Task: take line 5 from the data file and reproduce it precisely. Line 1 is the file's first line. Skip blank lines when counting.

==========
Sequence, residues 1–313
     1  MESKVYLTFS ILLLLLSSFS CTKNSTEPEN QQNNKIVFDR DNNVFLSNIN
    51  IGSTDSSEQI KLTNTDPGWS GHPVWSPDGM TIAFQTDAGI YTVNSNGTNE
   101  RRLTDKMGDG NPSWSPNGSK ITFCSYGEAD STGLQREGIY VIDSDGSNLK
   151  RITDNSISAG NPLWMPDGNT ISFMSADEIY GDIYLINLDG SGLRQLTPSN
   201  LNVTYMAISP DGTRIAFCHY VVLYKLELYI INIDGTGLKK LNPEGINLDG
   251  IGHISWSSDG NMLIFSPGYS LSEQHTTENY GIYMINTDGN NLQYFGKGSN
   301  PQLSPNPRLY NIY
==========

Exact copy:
   151  RITDNSISAG NPLWMPDGNT ISFMSADEIY GDIYLINLDG SGLRQLTPSN